Backstage

  • <i><i>Yasmin Sewell</i></i>
  • <i><i>Yasmin Sewell wearing her collaboration collection with Barneys New York</i></i>
  • <i><i>être cécile's Spring/Summer 2015 collection</i></i>
  • <i><i>être cécile's Spring/Summer 2015 collection</i></i>
  • <i><i>être cécile's Spring/Summer 2015 collection</i></i>
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Yasmin Sewell

Yasmin Sewell wasn’t always aware that she had a genuine interest in fashion. Born in Australia and now based in London, Sewell grew up thinking she would follow the footsteps of her mom, who owns a hair salon, and pursue hairdressing. But with a resume that boasts titles like “shop owner,” “buyer” and “founder” of a successful fashion consulting company and casual apparel brand, along with a recent collaboration with Barneys New York, you can say that fashion runs through Sewell’s veins. “Now that I look back, I can say that I always had a natural interest in clothes,” mentioned Sewell. “Friends tell me stories about how I would style them at age eight. So there was something in me—I just wasn’t aware of it yet!” We spoke with Sewell about her favorite trends for next year, the up-and-coming designers she has her eye on and how she maintains her signature curly bob.

How do you manage to hone your creative eye for each of your consulting company’s clients and your own fashion brand?

It’s definitely about being in tune with the industry and with your client, and knowing how to apply relevant knowledge and insight to any project. I find that in my work, I really have to have a very broad awareness of the goings-on of the industry, and not just in one specific area, in many areas.

With my own brand, être cécile, we wanted to create something with a really strong identity and personality, and I feel so invested in it. In a way, it’s a part of me. We founded the brand because there was a real gap in the market for casual pieces that would sit comfortably in a designer wardrobe, yet be cool in their own right—and wouldn’t cost you £800 a pop. Our design process is constant and collaborative, and I definitely have a specific creative eye dedicated to être cécile.

Tell us about your collection with Barneys New York.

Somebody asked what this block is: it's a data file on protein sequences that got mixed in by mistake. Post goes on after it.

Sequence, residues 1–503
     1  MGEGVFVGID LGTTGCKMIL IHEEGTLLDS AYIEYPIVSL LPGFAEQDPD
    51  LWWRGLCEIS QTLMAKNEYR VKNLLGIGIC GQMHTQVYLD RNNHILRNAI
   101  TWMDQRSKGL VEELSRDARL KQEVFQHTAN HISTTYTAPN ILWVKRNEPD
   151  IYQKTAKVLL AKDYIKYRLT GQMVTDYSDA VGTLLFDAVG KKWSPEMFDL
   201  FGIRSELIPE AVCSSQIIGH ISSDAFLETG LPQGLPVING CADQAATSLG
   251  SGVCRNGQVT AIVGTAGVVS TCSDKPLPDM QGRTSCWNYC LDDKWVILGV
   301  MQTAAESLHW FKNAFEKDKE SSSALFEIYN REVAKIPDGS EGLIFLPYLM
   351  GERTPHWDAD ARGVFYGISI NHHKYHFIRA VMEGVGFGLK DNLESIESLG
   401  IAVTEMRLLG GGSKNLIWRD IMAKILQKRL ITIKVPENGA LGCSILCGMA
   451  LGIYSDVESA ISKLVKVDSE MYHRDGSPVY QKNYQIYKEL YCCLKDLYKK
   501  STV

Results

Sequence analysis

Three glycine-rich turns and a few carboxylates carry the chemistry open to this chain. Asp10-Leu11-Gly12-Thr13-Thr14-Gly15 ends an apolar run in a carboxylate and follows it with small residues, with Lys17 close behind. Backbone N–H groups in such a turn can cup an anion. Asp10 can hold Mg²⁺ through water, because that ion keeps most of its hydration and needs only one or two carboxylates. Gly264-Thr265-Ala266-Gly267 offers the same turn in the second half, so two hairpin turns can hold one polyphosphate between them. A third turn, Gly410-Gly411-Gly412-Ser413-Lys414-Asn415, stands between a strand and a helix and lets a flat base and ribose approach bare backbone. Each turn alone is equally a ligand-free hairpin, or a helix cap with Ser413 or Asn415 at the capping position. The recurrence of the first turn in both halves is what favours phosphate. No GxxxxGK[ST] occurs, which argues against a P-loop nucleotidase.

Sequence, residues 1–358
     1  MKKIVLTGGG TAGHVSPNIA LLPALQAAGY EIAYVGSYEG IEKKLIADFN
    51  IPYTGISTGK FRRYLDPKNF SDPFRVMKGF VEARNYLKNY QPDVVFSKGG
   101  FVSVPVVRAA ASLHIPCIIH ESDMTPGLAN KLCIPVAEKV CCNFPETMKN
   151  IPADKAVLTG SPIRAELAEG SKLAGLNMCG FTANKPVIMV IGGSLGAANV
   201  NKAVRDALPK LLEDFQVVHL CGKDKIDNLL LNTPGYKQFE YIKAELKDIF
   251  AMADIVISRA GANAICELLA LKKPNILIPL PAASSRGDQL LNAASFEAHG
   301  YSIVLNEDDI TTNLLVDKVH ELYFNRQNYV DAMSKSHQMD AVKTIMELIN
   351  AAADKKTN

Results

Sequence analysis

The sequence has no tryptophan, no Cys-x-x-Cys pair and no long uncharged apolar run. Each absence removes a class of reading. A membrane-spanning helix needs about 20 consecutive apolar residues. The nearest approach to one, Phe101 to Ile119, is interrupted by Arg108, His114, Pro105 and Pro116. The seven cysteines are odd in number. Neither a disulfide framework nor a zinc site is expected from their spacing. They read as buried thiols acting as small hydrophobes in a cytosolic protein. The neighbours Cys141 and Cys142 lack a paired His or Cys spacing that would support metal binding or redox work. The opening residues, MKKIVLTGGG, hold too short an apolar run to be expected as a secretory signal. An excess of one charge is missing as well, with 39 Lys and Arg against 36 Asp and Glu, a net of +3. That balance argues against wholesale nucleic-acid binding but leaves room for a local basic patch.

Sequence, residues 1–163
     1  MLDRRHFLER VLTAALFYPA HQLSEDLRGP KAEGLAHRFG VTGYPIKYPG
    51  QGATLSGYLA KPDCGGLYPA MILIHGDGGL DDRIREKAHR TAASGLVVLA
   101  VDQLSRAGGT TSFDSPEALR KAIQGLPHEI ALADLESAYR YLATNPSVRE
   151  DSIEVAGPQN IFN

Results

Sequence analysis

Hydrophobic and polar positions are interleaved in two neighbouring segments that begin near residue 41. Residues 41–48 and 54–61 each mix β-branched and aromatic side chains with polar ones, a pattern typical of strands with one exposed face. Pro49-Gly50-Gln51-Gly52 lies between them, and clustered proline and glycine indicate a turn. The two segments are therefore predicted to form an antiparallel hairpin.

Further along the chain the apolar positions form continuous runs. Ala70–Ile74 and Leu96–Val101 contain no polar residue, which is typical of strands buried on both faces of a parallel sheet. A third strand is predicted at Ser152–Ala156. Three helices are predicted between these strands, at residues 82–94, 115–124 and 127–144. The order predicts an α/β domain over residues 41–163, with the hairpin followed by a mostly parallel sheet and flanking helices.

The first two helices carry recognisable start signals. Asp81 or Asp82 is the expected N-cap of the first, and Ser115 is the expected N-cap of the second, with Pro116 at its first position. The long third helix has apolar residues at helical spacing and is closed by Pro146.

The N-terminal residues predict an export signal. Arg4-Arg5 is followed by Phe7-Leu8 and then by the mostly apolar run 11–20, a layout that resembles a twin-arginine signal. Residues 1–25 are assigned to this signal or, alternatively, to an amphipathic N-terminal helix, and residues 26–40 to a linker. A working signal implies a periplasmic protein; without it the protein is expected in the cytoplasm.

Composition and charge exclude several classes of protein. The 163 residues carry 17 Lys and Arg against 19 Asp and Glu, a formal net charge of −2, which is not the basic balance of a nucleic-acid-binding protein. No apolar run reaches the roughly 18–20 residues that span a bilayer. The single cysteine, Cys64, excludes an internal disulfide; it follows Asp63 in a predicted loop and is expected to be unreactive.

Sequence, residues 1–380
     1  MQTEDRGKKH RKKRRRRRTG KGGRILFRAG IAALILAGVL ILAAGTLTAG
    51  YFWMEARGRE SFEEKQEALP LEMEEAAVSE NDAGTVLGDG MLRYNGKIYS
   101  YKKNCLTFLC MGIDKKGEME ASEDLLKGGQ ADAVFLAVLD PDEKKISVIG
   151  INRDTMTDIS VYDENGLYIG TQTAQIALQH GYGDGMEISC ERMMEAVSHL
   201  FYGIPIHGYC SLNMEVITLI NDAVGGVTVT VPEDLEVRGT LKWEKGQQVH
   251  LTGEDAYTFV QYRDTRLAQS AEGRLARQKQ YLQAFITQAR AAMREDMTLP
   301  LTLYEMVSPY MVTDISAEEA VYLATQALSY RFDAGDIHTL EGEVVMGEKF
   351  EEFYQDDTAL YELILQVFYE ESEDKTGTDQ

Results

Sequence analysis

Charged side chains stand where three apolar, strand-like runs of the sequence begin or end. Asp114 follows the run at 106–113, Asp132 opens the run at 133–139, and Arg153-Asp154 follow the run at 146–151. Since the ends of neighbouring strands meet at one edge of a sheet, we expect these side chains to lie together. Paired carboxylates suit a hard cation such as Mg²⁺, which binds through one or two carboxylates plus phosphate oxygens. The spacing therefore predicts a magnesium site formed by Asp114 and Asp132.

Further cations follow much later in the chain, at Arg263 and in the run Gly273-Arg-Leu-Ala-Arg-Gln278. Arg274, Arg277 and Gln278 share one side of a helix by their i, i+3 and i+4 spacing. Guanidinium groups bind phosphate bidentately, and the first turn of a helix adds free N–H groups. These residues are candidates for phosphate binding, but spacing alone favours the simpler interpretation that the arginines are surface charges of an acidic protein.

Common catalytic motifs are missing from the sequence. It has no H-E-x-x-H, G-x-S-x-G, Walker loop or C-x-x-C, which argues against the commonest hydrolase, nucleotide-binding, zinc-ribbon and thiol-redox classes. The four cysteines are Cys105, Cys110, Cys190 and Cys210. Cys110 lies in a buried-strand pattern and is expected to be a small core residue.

Tomoko Ogura, the senior fashion director of Barneys New York, called me up one day and said she was interested in getting together and doing something. Having been a buyer for so many years, it’s part of my job to be able to know what women want, so I was so excited to have the opportunity to create that from scratch myself. It was about building the “ultimate wardrobe.” Of course I wanted to reference trends and inject colors and fabrics that I was really feeling, but in terms of shape, I intentionally kept it quite classic. I really wanted to offer pieces that people could not only love now, but love for a long time. When you’re buying that level of quality, it’s nice to know that you’re investing in something that can be a real staple in your wardrobe.

What do you most look forward to wearing right now?

It’s all about the coat. Especially as I’m so heavily pregnant, the area that I can easily make a statement with is outerwear. Having launched the Barneys collection, I’m really lucky that I now have three amazing new coats in my wardrobe for the autumn and winter seasons. The aqua alpaca self-stripe number is a personal favorite. It’s definitely not a subtle look.

What trends are you excited about for Spring/Summer 2015?

I’m loving suede, polo shirts, square necklines, bootcut trousers and what I’m calling the new skirt length, which hits just above the knee. Nicolas Ghesquière did this so well at Louis Vuitton.

You have a knack for spotting the next big designer name. What catches your eye?